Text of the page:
The Heritage Bulletin Blog ran from July 2012 to January 2020, covering a huge range of subjects, from a day in the archives, to extracts from the WVS bulletins, and histories of various WVS/WRVS services.
It’s 219 articles have become a valuable resource in themselves, why not search them or just browse to discover something new.
We fast approach the end of another year, a year which has been one of success for the Archive. As many of our readers would have witnessed we heavily promoted our Kickstarter Campaign Hidden histories of a million wartime women
in May. With the help of 705 backers £27,724 was raised to digitise the many stories written by volunteers over 70 years ago in the form of Narrative Reports. The process has now begun to bring these stories to you and you can keep up to date with the project by following our Facebook
pages, joining our heritage bulletin mailing
list or regularly visiting our Kickstarter page for the Friday update
Our final blog for the year comes from part of Lady Reading’s Christmas Message written in 1955; I believe it highlights how important it is for us not to forget the past, how we need to be practical in going forward and relates to sharing hidden histories. I hope you enjoy.
Lady Reading's Christmas Message to WVS 1955
“As one Christmas follows another, it is ever more difficult to find the right present to send to you, and so, I send this year, the means, hidden and unsuspected, of gauging, watching and guarding the precious thing which is in your keeping.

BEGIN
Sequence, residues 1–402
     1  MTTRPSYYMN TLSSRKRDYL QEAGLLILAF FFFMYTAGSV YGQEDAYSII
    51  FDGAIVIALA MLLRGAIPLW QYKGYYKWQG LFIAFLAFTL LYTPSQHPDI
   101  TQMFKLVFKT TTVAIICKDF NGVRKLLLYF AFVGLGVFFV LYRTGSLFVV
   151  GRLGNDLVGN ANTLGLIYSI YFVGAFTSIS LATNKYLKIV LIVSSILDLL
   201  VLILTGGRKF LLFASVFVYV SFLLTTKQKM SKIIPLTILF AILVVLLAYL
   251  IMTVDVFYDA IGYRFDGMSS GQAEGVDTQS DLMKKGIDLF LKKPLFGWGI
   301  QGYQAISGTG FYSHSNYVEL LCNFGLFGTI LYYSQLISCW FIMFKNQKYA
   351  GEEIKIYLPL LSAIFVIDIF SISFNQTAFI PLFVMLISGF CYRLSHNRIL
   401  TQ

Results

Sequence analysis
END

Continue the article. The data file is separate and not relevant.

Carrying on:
It’s the Job that Counts Vol II
I believe that we, workers in Voluntary Service, are today enjoying the endowment bestowed on us by the previous generations, enriched by their outlook and strengthened by their experience. And I want to ask you whether you will, this Christmastide, pause and examine this thing we call Voluntary Service, for it is ours to enhance during the time it is in our keeping, and it is for us to hand on in perfect and ever better shape.
We live in an age where allegory and parable appear to be out of date, but, to my mind, they are not only the best way of teaching but, for oneself, they offer an infinite joy in the companionship of one's own mind. And so I hand into your possession the power with which to examine this thing that is in your trust, charging you to use your imagination and your vision to appraise it, to weigh it, and, above all, to treasure it.”
During the war WVS ran/organised a number of services and activities for children. We mentioned one of these services in a previous blog Tales of under-fives nurseries were
authors had written about their experience when visiting the nurseries.
WVS always strove to make children’s lives a happy one
during the War particularly when it came to providing toys. In the 1944 December Bulletin this article appeared:
TOY MAKING IN A VILLAGE